Then it dawned on me that all of my ‘nearly’ moments had really just been dead ends, but my overexcitement had made me too blind to see it. Maybe LA was just a series of people walking into rooms, saying stuff and then walking out without a second thought. Now even the English were doing it!

I didn’t have time to wallow in self-pity, though, as I’d just been commissioned to write about the surreal sights and sounds of Burning Man, the tripped-out seven-day festival in the Nevada desert. It was unquestionably an amazing experience, but also an expensive one, which is quite weird considering you can’t spend any money there.

I managed to crash my motorhome into a petrol pump in Reno when startled by a meth head as the sun rose at 5am on the return journey. He had the good grace to apologise, but the damage had been done. With the repairs sending my bank balance to zero and my US visa running out, I knew it was time to head home and face the music. After seven months in LA trying to build a career and seven days in the desert trying to find my soul, I realised I had pushed myself to the very limit, both financially and metaphysically.

I arrived back in the UK three days before my 40th birthday. Having sold all my possessions on a hope and a prayer, I was back at my parents’ house in the same room I had slept in as a teenager. No job, no money, just the shirt on my back and a half-written script for a TV show that would probably never be made. Was this the end? Had I regressed to the life of a teenager at the age of 40? Was this the straight-to-Betamax version of Big 2? Of course not – because where there’s a will, there’s a way.

The Burning Man himself
The Burning Man himself

After some seriously creative tweaking of my CV, I suddenly found myself sat at a desk writing for one of the biggest blue-chip companies in the world. I’d gone from the gutter to the stars, if you can call ‘the stars’ mainlining caffeine while breaking in football boots and attending endless meetings about meetings. I recognised a few faces who worked there as I wandered the halls of power in a daze. Jaws dropped as they mouthed, ‘What the fuck are you doing here?’ – and I had to admit, I wasn’t quite sure how I’d pulled it off myself. I kept my head down, my caffeine levels up and powered through the variety of mundane tasks with gusto. I asked the wrong questions at the right times and finally learnt to say nothing. This was pretty easy though, as I really did know nothing.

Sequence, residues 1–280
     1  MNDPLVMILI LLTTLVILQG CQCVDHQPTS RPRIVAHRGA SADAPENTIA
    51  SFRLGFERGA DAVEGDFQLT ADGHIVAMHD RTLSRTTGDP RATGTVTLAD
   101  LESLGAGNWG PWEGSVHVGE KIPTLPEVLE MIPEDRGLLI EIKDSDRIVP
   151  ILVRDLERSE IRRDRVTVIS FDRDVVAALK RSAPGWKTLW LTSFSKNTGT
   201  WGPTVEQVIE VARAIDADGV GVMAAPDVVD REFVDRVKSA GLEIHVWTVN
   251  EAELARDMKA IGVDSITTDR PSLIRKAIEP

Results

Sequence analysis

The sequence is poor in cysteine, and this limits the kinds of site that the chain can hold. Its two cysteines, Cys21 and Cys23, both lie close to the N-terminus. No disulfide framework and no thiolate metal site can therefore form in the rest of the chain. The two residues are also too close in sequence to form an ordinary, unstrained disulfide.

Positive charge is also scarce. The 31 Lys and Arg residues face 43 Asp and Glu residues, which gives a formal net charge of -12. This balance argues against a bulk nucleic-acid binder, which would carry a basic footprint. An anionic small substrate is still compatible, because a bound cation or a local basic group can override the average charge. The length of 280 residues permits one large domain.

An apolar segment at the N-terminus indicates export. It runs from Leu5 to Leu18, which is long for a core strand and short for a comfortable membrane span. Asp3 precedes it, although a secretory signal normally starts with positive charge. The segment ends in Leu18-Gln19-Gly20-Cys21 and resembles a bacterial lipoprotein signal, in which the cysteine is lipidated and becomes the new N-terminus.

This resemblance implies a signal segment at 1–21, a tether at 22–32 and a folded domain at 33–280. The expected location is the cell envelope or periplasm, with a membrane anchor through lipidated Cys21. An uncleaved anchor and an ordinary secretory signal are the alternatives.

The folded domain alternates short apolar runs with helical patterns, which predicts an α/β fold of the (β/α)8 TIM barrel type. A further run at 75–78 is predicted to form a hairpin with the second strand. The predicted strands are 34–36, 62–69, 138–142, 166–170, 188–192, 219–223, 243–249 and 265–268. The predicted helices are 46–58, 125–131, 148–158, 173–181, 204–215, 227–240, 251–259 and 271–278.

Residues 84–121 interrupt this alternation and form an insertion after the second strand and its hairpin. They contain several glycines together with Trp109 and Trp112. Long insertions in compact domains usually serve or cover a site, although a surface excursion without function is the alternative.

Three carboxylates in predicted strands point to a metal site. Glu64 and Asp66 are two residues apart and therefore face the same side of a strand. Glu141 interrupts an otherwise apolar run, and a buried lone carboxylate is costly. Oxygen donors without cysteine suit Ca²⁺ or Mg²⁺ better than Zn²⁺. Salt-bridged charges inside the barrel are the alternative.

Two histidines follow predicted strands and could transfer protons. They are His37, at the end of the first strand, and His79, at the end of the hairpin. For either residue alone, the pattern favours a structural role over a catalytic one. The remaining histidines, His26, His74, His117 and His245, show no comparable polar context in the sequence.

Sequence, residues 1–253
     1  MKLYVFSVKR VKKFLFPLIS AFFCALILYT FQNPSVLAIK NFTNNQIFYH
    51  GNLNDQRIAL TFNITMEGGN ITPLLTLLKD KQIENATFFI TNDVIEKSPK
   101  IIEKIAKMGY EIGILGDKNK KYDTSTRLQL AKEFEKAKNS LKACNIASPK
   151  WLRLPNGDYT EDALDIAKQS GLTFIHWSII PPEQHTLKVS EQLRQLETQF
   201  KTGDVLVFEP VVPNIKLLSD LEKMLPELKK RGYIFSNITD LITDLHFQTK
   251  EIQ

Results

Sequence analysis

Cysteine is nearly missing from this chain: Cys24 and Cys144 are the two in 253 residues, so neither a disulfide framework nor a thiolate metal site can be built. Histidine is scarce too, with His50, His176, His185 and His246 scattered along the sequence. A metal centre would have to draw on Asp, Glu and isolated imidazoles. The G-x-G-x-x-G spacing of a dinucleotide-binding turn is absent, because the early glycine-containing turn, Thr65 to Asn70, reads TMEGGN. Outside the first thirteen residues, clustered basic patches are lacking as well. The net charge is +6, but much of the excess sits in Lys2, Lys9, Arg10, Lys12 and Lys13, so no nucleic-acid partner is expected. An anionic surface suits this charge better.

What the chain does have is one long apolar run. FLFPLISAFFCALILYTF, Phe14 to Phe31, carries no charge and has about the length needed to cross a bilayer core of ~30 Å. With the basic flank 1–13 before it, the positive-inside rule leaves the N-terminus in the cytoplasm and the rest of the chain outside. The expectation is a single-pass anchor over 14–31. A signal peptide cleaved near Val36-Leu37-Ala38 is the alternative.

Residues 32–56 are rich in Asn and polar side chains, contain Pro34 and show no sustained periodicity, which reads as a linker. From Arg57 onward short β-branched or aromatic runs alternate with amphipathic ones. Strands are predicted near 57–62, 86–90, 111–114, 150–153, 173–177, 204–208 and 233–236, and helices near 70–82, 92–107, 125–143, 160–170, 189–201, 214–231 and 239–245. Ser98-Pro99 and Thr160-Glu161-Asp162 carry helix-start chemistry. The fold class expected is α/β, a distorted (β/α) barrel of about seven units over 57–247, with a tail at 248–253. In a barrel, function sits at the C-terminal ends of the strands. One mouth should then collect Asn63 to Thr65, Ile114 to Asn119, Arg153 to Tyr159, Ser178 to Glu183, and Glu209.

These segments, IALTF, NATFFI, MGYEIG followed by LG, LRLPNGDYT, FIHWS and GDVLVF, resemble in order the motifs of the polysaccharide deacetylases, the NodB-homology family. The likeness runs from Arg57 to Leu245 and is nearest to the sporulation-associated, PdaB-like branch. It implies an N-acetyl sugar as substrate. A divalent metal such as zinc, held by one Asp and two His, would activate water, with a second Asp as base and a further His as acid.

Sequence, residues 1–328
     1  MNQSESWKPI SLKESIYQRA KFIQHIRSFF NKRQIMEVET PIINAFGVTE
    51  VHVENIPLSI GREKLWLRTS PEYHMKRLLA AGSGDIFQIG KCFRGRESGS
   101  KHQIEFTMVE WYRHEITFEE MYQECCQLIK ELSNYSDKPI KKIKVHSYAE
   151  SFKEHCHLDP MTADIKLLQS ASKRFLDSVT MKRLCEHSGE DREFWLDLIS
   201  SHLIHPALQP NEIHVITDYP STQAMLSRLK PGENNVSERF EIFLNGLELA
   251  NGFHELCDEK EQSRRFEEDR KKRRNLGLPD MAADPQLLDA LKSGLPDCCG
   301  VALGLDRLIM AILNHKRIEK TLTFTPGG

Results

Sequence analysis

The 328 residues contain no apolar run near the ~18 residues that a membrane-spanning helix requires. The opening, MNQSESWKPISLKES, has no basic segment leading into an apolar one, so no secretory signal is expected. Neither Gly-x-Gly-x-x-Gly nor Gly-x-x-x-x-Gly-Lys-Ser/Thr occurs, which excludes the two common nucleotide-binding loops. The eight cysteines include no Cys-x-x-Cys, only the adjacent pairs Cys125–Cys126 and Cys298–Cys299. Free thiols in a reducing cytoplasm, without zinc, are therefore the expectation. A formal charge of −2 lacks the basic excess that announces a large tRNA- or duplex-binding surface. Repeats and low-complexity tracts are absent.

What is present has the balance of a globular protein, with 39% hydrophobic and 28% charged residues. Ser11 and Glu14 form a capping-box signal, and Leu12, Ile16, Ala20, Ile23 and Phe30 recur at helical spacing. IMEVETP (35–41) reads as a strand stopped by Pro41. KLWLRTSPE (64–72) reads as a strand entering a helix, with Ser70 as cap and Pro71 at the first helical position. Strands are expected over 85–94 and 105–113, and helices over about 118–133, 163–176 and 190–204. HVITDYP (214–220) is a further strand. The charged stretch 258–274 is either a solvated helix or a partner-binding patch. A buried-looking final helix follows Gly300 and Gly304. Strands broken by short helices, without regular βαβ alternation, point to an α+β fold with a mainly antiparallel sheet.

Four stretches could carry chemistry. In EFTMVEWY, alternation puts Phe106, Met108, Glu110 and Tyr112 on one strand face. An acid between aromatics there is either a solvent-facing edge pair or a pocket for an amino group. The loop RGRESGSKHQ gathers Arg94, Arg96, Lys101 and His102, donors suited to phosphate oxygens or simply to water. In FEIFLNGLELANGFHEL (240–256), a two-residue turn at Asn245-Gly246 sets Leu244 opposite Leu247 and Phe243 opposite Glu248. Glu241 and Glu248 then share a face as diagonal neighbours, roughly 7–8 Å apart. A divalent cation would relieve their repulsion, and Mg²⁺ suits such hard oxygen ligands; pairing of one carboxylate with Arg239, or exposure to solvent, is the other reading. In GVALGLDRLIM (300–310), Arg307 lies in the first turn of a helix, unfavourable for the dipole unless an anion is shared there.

Blue-chip pay is premium, which was gratefully received as my usual dealings with chips generally revolved around salt and vinegar. As my bank balance grew and my contract ran down, I was unsure of my next move.

Did I just blindly head back to LA and hope for the best, knowing my last trip had cost me five figures and a side helping of heartache? I’d worked on a few new ideas and now had a body of work that could impress an agent in Hollywood. But was Round Two really a good idea, even after bumping into Apollo Creed in Staples?

Then I received a call out of the blue from a long-lost family associate in Asia. Was I still interested in breaking into the movie business? Did I still write scripts? After answering affirmatively and sending over a few examples of my writing, a bucket flight was booked to meet a top Hollywood producer who was planning to start a big project in the Far East. It was totally unbelievable, yet totally true.

In the past 18 months I’d chased my dreams across America in a bright yellow convertible, written a film treatment while living in Sydney, spent seven months hustling in Hollywood, pitched to Ricky Gervais at an Academy theatre, lost my money and mind at Burning Man and blagged my way into a blue-chip company – and now I was being flown across the world to discuss writing a film with a Hollywood producer.

What had I actually achieved during this crazy year-and-a-half? Quite frankly, nothing. All of the above ‘achievements’ hadn’t provided anything of substance and I still wasn’t sure if I had what it took to make it as a film writer. It seemed that luck would play just as big a part in my future as judgement, and here I was again, on a flight into the unknown on a hope and a prayer.

I had absolutely no idea where this latest twist of fate would take me, but I was willing to give it a shot. Life was now all about living for the moment, taking risks and not being scared of trying to make something happen. Even if a lot of the time it just ended in me making a spectacle of myself.

Click here to see Alister’s previous Hollywood or Bust columns.